Gr 1-3-Who is Earth Mother? There is no definition or description but she appears to be a form of Mother Nature, blessing and talking to all of the animals on Earth (including Man), tending the plants, bringing the snow and ice to northern climes, and touching the cycle of life. Depicted as a young African-American woman, Earth Mother is serene and gentle, passing through her day and making everyone aware that all is exactly the way it should be. Unfortunately, the text is dry and static: "`You are kind to me, Earth Mother,' said Man. `You have sent Frog to fill my belly and I am grateful.'" Nothing much happens: Man complains that Mosquito bites him, Frog complains that Man eats him, and Mosquito complains that Frog eats him. The magnificent illustrations are classic Leo and Diane Dillon, with a palette dominated by browns, greens, blues, and other earth tones. Soft and elegant, they beg for a brighter text. Still, reading it a few times helps readers realize the book's calming effect. In today's crazy world, an example of things following a routine with soft, caring people and animals is not a bad thing. The art is worth much more than the cover price, and teachers and parents will find a way to use this story.-Susan Lissim, Dwight School, New York City Copyright 2005 Reed Business Information.
Kirkus Reviews
A wry and cosmic look at the interdependence of all things, wonderfully illustrated by the inimitable Dillons. Earth Mother arises, sings a morning song and does her work: hanging green acorns on the trees; putting summer inside a flower seed; sending forth lightning and snow. She meets Man by the river, who thanks her for the delicious frogs that ease his hunger. But why, asks Man, does she torment him with "wretched Mosquito?" When Earth Mother encounters Frog, he thanks her for Mosquito, who fills his belly, and castigates Man, who catches and eats frogs. As she continues to the ocean depths and meadows, she meets Mosquito, who is grateful for Man, "tender and delicious," and wishes there were no more frogs. Each watercolor-and-colored pencil image has its frame broken by a plant that springs from the bottom of the page: thistle, lily, lotus, rose. Mother Earth's garments are a gown the color of rich earth and an ever-changing tunic with patterns of cloud or leaf or starfish or peacock feather or African kente cloth. Curvilinear and geometric patterns shape the illustrations as Earth Mother moves from the savannah to the snows, from falling rain to falling fireflies. Beautiful and satisfying; its own teachable moment. (Picture book. 4-9)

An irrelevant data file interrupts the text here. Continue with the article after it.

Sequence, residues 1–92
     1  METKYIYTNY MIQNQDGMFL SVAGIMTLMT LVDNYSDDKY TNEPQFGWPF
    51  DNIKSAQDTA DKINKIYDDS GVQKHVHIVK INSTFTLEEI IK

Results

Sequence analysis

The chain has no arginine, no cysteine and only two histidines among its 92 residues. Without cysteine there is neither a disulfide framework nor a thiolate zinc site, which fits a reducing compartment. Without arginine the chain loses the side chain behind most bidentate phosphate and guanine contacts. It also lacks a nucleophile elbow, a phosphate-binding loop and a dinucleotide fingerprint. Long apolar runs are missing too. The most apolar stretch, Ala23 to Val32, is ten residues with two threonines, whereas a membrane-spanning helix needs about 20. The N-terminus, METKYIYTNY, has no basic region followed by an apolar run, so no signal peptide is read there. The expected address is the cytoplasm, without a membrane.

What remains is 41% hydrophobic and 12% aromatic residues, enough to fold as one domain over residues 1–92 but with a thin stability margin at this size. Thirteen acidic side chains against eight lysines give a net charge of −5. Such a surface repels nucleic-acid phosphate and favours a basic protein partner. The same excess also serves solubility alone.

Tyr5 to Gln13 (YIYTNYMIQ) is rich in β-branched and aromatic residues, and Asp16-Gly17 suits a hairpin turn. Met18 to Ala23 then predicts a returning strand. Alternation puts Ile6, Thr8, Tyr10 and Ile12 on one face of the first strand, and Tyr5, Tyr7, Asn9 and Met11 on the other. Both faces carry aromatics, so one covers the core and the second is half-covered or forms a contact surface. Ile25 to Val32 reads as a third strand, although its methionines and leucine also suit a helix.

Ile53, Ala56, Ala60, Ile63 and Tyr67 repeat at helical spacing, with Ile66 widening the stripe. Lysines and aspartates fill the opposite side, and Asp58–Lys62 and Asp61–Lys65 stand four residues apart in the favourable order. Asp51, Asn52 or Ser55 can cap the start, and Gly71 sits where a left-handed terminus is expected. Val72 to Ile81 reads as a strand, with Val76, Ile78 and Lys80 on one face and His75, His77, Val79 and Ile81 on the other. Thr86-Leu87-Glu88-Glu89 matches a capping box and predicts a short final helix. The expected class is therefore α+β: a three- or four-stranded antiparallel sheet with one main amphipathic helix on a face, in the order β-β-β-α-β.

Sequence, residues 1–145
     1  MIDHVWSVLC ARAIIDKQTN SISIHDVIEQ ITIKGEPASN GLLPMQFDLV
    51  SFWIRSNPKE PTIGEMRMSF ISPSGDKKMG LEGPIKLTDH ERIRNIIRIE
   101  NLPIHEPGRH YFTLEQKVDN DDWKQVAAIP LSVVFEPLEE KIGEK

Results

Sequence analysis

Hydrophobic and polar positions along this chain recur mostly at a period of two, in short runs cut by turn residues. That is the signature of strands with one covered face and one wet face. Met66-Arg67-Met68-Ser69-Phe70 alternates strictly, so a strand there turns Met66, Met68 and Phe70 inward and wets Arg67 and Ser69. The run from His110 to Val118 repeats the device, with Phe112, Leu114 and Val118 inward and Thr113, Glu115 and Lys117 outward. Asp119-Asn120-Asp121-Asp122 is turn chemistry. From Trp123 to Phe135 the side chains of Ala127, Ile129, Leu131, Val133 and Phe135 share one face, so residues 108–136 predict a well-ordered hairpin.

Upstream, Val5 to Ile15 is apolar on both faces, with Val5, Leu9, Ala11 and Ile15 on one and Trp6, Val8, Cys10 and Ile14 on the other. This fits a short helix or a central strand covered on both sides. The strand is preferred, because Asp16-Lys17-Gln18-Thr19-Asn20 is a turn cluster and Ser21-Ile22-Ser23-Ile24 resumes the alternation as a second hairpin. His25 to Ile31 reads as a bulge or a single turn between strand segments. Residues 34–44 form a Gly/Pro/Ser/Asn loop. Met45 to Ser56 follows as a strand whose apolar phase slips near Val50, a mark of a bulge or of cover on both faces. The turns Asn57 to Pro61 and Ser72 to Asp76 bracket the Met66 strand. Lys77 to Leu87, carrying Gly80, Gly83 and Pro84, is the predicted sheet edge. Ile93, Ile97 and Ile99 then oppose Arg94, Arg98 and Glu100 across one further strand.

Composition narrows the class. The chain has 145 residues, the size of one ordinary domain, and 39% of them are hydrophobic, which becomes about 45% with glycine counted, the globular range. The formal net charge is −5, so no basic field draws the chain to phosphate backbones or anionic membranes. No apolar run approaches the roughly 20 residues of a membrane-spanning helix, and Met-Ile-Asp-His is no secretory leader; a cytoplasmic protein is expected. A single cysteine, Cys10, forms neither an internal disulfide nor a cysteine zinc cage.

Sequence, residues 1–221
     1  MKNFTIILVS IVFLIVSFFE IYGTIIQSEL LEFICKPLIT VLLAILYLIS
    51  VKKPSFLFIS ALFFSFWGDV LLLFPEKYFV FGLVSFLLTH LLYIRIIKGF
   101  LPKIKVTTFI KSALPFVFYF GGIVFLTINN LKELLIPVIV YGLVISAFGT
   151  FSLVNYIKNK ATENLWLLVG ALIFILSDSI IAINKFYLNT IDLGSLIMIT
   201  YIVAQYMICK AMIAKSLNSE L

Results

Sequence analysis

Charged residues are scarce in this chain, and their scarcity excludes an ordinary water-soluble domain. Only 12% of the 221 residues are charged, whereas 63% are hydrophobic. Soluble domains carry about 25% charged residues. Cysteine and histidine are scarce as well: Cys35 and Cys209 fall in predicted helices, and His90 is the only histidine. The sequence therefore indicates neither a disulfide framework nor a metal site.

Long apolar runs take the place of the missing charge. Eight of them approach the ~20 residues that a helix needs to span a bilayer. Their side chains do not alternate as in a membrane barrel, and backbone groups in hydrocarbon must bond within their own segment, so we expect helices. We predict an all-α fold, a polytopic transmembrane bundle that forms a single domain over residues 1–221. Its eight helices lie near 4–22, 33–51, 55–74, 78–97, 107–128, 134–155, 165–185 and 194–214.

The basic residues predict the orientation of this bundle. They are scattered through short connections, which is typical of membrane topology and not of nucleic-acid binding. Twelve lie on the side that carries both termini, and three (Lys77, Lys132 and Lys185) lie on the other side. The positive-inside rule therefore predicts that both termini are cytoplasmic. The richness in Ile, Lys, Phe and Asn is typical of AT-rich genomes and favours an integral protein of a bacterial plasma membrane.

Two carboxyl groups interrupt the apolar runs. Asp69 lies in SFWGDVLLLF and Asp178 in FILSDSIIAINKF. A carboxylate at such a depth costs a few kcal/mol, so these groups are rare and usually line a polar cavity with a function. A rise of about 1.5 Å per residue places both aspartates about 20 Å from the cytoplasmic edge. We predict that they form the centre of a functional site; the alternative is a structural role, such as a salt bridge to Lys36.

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Product Details

ISBN-13:
9780802789921
Publisher:
Walker & Company
Publication date:
10/07/2005
Pages:
32
Product dimensions:
10.24(w) x 11.04(h) x 0.41(d)
Lexile:
AD700L (what's this?)
Age Range:
3 - 7 Years

Meet the Author

Ellen Jackson is an award-winning author of more than fifty fiction and nonfiction books for children. She lives with her family in Santa Barbara, California.

Leo Dillon and Diane Dillon have illustrated more than forty books for children, including the Caldecott Medal-winning titles, Why Mosquitoes Buzz in People's Ears by Verna Aardema, and Ashanti to Zulu: African Traditions by Margaret Musgrove. The couple live in Brooklyn, New York.

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Earth Mother 4 out of 5 based on 0 ratings. 1 reviews.
grisaille More than 1 year ago
Gorgeous artwork by the Dillons is the perfect accompaniment to Jackson's sing-song text. This is a wonderful read-aloud book. Kids will love the illustrations, even while they laugh at Man and Frog and Mosquito.